Some pros told me, serenely, “You’ll be back.”  I don’t share their confidence.  For me, I struck lightning once.  But the fact that I made it once is enough, and that won’t stop me.  Because you know what real writing fucking is?

Jon Walter Williams held a three-hour intensive lecture on plotting and structure.  And when I looked around the room of twenty people, at least four of us had been nominated for a Nebula.  Here we were, being given one of the biggest honors in the field… and all of us had said, “No, there’s so much more work to do.”

That’s how you get to a Nebula.  I got here.  You can, too.  Because Neil told me, “You just need to write.”  And that’s what I did.

Now you.

Cross-posted from Ferrett's Real Blog.

theferrett: (Meazel)

Because this is a once-in-a-lifetime opportunity, I will be attending the Nebula Awards this weekend, where I will be the happiest loser in the world.  When they say it’s an honor just to be nominated… boy, they’re not kidding.

In any case, if you happen to be in Washington DC this weekend and would like to see a weasel, there are several places at which you can catch me:

I’ll be at the Mass Autograph Signing from 5:30 to 7:30 p.m., signing copies of my latest book.  What’s that, Ferrett? you ask.  You don’t have a book yet, you exclaim.  Oh, but I do, thanks to fellow nominee Nancy Fulda, who has created the Awards Weekend Collector’s Edition, which features works by eleven authors who will be at the Nebula weekend.  I’ll have it, I can sign it, and if you’re quite lucky you can get a full run and have all eleven authors put their name on it.

(My story in there is “As Below, So Above,” my generational tale told from the perspective of the monsters in a mad scientist’s moat.  Read it in advance, and I’ll even draw a squid for you.)

(And while you’re at it, read Nancy’s Nebula- and Hugo-nominated story “Movement,” a tale of future autism that is a fascinating exercise in tone.  I nominated it, and am glad to see my tastes vindicated.)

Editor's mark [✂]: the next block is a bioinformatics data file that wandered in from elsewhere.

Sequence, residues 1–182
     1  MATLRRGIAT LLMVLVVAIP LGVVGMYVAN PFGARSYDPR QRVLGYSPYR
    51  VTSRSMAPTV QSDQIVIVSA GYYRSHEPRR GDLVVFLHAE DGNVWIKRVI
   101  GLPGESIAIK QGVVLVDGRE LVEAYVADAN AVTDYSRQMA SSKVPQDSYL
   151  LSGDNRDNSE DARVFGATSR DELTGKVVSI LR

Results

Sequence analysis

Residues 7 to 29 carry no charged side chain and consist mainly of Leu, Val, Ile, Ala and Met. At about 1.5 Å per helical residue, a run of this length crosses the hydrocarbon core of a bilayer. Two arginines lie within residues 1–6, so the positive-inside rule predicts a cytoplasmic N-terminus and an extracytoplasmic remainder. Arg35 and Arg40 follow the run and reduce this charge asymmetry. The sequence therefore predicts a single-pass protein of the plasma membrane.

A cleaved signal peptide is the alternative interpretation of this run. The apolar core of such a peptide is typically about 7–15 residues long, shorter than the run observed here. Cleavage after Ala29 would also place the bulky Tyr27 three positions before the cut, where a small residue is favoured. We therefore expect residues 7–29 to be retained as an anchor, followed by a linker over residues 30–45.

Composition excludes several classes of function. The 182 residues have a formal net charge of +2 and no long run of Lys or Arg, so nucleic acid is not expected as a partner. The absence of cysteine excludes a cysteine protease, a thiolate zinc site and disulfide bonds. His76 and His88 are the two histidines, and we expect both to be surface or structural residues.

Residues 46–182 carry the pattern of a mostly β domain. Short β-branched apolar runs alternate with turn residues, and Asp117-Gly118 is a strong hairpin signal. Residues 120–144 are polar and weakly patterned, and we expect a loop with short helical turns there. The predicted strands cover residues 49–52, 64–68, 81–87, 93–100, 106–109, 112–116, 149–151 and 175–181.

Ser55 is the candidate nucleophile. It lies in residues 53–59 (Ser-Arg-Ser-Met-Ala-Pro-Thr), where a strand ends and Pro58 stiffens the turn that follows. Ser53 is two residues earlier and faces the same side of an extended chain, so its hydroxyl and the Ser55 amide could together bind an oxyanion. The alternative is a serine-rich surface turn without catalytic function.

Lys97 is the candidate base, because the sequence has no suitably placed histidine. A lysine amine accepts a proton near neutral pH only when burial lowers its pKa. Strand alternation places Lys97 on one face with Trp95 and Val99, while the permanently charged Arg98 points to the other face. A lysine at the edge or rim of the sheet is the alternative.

(And while you’re extra at-it, note that I am currently in search of an agent for my book, so if you’re interested… call me!)

At 1:00 on Saturday, I’ll be on the “Watch That Step!” panel with Tom Crosshill, Nancy Fulda, Ellen Kushner, and Rachel Swirsky, where I’ll be discussing pacing in stories.  This oughtta be interesting, because my pacing is usually pretty reflexive – you kind of develop a sense of fast and slow after writing blog entries for, I dunno, a decade.  So discussions will be had.

And if you feel like hanging out and you’re a press type, I’ll be available for interviews at 3:00 on Friday.  I suspect strongly I’ll be hanging out in an empty room twiddling my thumbs, but should a reporter show up I will perk up nicely and answer all available questions on squids and space stations that I can.

Also, if we’ve met before, feel free to text me – or email me at to get my phone number so we can coordinate drinks.  We shall see what happens.

Cross-posted from Ferrett's Real Blog.

theferrett: (Meazel)

I’m feeling random today, so have some random.

Today’s 4/20!
I’ve never really liked marijuana, and as such I can never really find a celebration of it all that entertaining.